*** Dr. Lindsay Blair will speak about the life and work of Jon Schueler on Friday 13th May at 7:30pm in Gairloch Community Hall, adjacent to the Museum. For further information, please see www.gairlochheritagemuseum.org.
"My intention has always been to exhibit this body of work as an ensemble, in the context of the place that has inspired it. It seemed the right time and occasion, to do this now and in a small way, to thank Jon Schueler for his vision and his words, which have resonated for me and still do today, for so many artists."
The occasion for mounting this exhibition is, in part, to help honour the centenary of Jon Schueler, whose work and writing have greatly inspired me. Jon was an American painter who lived and painted on the West Coast of Scotland for many years and whose centenary is now being marked with a Symposium and Exhibition being held at The University of the Highlands and Islands' Gaelic College, Sabhal Mòr Ostaig on Skye, during May and June 2016. It seemed a great opportunity to celebrate the recently formalised cultural links between Sabhal Mòr Ostaig and the Gairloch Heritage Museum, where one part of this Inner Sound Exhibition is being held.
Like Jon Schueler, I came to Scotland as a North American whose childhood was spent on the shores of the Great Lakes. As a Canadian, I also yearned to go further into “the North”, always searching for that, perhaps, mythical place where I might find it. I was certain that once here, I would also discover a freedom and an authentic visual language to explore and express my own deep identification with nature, which seems to be every Canadian’s birthright.
Like Schueler, I was drawn to this part of the North-West of Scotland and here I found it. My childhood in Canada was certainly formative, but coming to live in the North West of Scotland has been nothing short of transformative.
I had been aware of Schueler’s work since coming to live in Scotland in the 1980’s, but was introduced to his memoir “The Sound of Sleat: A Painter’s Life”, by a friend after restoring my studio near Gairloch a few years ago. I was riveted, captivated by how eloquently and accurately he described what I was seeing through my studio windows every day, and what I, also, was struggling to capture in a new and fresh way, in paint. He, too, was moved by what he saw and strained to find expression in paint for his deepest yearnings through translating the ‘Northern’ spirit and energy he sensed here in this place.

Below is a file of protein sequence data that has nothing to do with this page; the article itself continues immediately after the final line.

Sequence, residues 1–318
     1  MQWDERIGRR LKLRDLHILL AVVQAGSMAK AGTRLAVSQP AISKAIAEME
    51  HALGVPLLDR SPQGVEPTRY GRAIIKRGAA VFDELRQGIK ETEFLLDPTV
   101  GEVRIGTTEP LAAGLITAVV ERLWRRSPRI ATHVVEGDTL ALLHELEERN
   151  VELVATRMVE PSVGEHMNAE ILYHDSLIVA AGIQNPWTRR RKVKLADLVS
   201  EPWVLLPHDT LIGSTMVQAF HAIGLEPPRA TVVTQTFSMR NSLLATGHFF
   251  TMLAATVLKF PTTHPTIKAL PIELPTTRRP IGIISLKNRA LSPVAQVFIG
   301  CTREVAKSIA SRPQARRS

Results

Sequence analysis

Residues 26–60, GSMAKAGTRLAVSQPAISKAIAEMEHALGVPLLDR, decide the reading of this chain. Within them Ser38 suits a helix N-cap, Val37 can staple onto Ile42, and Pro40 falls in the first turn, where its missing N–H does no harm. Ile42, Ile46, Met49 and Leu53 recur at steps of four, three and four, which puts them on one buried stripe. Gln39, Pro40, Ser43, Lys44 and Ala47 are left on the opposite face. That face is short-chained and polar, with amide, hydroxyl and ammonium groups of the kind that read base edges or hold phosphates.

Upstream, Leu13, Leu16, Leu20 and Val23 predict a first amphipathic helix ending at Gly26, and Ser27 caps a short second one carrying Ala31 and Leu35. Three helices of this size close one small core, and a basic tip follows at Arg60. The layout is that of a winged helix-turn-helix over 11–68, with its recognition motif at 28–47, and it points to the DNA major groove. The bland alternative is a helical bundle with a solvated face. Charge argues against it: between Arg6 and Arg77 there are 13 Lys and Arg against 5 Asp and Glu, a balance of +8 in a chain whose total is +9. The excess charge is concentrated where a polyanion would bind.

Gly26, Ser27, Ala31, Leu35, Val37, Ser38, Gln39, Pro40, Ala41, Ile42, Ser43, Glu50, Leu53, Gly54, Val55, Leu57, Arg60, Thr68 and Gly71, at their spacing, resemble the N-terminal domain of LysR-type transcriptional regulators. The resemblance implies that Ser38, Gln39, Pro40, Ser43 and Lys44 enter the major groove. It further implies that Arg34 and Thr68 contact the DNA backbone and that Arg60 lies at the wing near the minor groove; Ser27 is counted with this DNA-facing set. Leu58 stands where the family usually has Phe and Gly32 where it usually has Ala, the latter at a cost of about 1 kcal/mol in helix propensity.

In Canada, nature is daunting, overwhelming; the essence of its landscape is boundless space, an untamed vastness which can be terrifying and almost defies expression in paint. Over the years, my identification with nature had led me to explore its forms and symbolism while naturally drawing upon the cultural identity of being a Canadian. This is where my roots lie and those roots still run deep and help to inform my work.
This place, also, is vast, wild, open and has a powerful, underlying spirit and energy - in so many ways like Canada. Painting here in the North West has broadened my vision and loosened the formality of my work. From the very first watercolour completed in the new studio, a fresh, freer language of expression has emerged from my brushes. The expanse of nature to which I respond here, is the sea - the drama which constantly unfolds beyond my studio windows, toward the horizon over the Inner Sound. Here, I have found the freedom not only to explore my intuitive perception of a ‘north shore’ as a transformative place, but also to discover a distinct visual vocabulary for this idea.
Some of my earliest childhood memories are of being drawn to the nearby shores of Lake Huron and of having a constant awareness of the faraway horizon. It always seemed to be a place of, if not emptiness, of endless possibilities and of solitude, where I could leave the world behind and where my imagination could wander freely.
Through the windows here in my studio in Wester Ross, nature seems to be in a state of almost constant flux. The presence of islands, just off-shore, encourages a highly charged interplay of light, land and water. That which resonates so loudly for me once again, is the water: the horizon and the drama which constantly unfolds beyond my windows, over the Inner Sound. I don’t find myself painting ‘from’ nature, from a specific view or moment, but am trying, through the marks my brush can coax from water and pigment and with line, colour, movement and form, to ‘tune into’ and distill the energy of the constant change within this environment. I'm also trying to grasp the meaning of what I see, to impose my own order on its chaos, in the hope of gaining some insight into the essence of what it is that resonates so loudly for me in this place.
My intention has always been to exhibit this body of work as an entirety, in the context of the place that has inspired it. It seemed the right time and occasion, to do this now and in a small way, to thank Jon for his vision and his words, which have resonated for me and still do today, for so many artists.
The Museum is publishing a booklet of a selection of the work in the show to accompany the exhibition, viewable below as a PDF: